Red Sox: Nicknames for Players Weekend uniforms

BOSTON, MA - MAY 13: Mookie Betts
BOSTON, MA - MAY 13: Mookie Betts /

MLB’s Players Weekend will allow players to show off their personalities through unique uniforms. Here’s what nicknames Red Sox players will wear.

Have you ever watched a Boston Red Sox game and wished that the players could let more of their personalities shine through? They will soon get the chance, at least temporarily.

Major League Baseball and the MLB Players Association announced jointly on Wednesday that players will be allowed to take certain liberties with their attire during games played from Friday, Aug. 25 through Sunday, Aug. 27.

During this Players Weekend, teams will sport non-traditional jerseys made by Majestic with nicknames on the back in place of the player’s last name. They will also have the freedom to wear uniquely colored spikes, batting gloves, wrist bands, compression sleeves, catcher’s masks and bats.

The Red Sox have revealed the uniforms they will wear that weekend when they host the Baltimore Orioles at Fenway Park.

Not only do these blue jerseys with the red trim and sleeves bring a new look to the team, we also get our first look at the nicknames that Red Sox players have chosen. Some players on the team have well established nicknames, while a few settled for the boring route of using their initials (come on, Joe Kelly, you’re better than that!). However, some players got a little creative with nicknames that are either less common or created specifically for this event.

Dustin Pedroia has a few nicknames, but none more popular than the “Laser Show.” That was a clear choice for the veteran second baseman.

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The “Brock Star” is a great choice for Brock Holt. An alternative would have been coordinating with Andrew Benintendi with Flo Bros jerseys. That may have actually been a slight downgrade from Brock Star, although that would be offset by helping the rookie find a better option than “Benny.”

When your name is Mookie, you don’t need a nickname. Wait, Mookie is a nickname? Fine, his jersey works then.

David Price‘s jersey reminds us that the lefty is only interested in speaking to the media about his dog, Astro.

Has anyone actually heard Chris Sale referred to as “Stick Man” before? I mean, I get it… the guy is tall and thin. Couldn’t we have done better with this one though? Baseball Reference lists his nickname as Condor, a reference to his unorthodox delivery that makes him look like a vulture spreading its wings. Maybe he felt that nickname took too much explaining. Given Sale’s history with non-traditional uniforms, I expect him to show up to the games wearing a jersey that has been cut to shreds.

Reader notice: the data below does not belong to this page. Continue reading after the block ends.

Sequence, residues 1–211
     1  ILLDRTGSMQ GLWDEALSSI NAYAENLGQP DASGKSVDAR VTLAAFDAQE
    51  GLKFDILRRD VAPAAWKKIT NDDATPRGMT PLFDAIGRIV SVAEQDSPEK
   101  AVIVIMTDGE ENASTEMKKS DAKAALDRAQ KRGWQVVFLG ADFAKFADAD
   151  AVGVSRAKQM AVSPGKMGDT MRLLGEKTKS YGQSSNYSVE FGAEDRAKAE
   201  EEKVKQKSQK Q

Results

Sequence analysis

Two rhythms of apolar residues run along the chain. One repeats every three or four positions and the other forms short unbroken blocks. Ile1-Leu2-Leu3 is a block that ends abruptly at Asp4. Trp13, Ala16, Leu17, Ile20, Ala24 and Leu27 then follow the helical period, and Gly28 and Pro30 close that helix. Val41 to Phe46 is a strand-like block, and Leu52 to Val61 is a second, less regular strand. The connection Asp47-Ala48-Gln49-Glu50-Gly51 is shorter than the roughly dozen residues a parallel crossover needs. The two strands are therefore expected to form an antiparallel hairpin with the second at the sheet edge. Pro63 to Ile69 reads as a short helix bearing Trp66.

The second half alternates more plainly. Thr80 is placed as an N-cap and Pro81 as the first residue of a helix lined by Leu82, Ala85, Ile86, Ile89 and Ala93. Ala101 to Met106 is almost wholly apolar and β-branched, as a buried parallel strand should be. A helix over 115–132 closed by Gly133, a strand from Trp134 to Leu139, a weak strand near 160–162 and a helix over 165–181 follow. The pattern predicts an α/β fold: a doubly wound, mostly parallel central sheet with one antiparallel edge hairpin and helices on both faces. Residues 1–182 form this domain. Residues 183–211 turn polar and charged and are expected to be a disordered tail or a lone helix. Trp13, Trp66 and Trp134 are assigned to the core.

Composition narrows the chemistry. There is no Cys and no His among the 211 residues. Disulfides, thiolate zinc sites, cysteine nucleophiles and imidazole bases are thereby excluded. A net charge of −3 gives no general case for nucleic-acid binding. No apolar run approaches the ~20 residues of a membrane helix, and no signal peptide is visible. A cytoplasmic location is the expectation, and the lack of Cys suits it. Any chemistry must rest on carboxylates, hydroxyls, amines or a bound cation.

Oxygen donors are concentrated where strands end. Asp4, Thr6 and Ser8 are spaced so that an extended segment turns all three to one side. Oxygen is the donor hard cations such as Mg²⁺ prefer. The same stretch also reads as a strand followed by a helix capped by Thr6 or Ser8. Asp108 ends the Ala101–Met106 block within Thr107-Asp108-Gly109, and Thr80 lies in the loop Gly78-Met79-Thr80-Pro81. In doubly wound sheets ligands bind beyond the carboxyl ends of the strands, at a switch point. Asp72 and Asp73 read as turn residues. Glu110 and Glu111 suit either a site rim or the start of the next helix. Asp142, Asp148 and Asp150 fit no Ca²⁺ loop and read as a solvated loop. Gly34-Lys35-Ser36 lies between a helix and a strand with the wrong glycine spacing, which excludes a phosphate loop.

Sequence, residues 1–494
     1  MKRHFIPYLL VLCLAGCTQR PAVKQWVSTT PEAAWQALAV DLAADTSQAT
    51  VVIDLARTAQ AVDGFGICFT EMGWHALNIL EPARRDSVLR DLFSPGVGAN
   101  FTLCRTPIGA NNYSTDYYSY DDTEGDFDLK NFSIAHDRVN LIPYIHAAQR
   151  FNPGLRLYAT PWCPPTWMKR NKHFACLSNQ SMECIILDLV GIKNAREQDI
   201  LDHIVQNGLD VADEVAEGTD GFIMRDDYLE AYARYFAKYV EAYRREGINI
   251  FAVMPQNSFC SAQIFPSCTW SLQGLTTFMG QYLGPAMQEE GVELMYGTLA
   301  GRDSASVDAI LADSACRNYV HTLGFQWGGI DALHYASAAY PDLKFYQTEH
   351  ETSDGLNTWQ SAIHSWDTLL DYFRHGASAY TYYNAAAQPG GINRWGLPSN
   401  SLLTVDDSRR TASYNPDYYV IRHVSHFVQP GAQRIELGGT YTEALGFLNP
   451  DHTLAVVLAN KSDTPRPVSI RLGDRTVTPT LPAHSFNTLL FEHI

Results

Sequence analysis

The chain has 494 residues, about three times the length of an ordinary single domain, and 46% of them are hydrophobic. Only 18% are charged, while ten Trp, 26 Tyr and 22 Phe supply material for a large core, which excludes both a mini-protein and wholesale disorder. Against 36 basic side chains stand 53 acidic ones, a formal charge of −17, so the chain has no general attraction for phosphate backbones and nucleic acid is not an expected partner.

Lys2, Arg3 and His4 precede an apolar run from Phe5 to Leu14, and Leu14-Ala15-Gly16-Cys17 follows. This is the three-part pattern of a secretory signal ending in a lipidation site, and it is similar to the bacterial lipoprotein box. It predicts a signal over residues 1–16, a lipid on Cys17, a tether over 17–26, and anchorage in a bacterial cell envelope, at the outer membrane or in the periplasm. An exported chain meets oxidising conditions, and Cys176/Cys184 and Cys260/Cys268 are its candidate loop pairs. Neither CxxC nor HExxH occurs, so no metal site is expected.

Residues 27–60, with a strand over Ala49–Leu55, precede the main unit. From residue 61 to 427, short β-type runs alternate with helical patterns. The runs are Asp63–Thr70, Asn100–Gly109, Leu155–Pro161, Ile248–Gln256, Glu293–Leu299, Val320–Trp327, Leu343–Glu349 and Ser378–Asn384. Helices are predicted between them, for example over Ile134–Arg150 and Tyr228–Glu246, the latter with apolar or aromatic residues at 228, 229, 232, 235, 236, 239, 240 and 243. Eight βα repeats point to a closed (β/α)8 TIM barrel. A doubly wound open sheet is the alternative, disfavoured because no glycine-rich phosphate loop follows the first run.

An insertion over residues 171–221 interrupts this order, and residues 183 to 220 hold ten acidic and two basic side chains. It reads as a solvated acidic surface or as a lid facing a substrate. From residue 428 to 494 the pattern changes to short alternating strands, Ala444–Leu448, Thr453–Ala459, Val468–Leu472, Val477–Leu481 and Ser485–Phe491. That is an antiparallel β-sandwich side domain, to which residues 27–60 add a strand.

The introduction to Boston was anything but smooth for Drew Pomeranz last season. He’s bounced back to become arguably the second best pitcher in this rotation, so he can go by “Big Smooth” now if he wants.

Did Mitch Moreland get permission from Jared Carrabis to use the “2-Bags” nickname?

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I’m not sure I want to know the origins of “Dirty Craig.” Sure, Craig Kimbrel has a filthy slider. Let’s assume that’s what it relates to, yet it sounds like something… worse.

The award for shortest name on a jersey goes to Xander Bogaerts, who simply goes by “X.” Real creative. Couldn’t he have at least gone with X-Man? Maybe that would have caused a fuss with Marvel. The comics company (owned by Disney) must be stingy about letting others borrow the names of their properties given that they still can’t get the movie rights back to the popular group of mutants.

Hanley Ramirez‘ nickname of “El Trece” literally translates into English as “The Thirteen.” Yeah, it sounds much better in Spanish.

Rick Porcello essentially stole his idea by using the Spanish word for the number 22. There’s nothing pretty about the numbers the reigning Cy Young has put up this season, so I guess “Pretty Ricky” wasn’t an option.

Who else is disappointed that Heath Hembree didn’t put the name Kenny Powers on the back of his jersey? A fastball that clocks in at just under 96 mph is nothing to scoff at, but I’m not sure you can go by the name “Heater” when you share a bullpen with Craig Kimbrel and Joe Kelly.

Blaine Boyer‘s nickname of “Grande Rojo” is appropriate for a 6-foot-3 redhead. Although, the Red Mamba, Brian Salabrine, may have something to say about Boyer infringing on his territory on a Boston team.

John Farrell revealed on WEEI that he had the opportunity to wear a nickname on his jersey during Players Weekend, but he declined to participate. Red Sox fans have a few names they like to call the manager whenever he makes a head scratching decision they disagree with.

Next: Sales ties season high with 13 strikeouts

Do you have a favorite among these new jerseys? Wish a player had gone with another nickname? Let us know in the comments!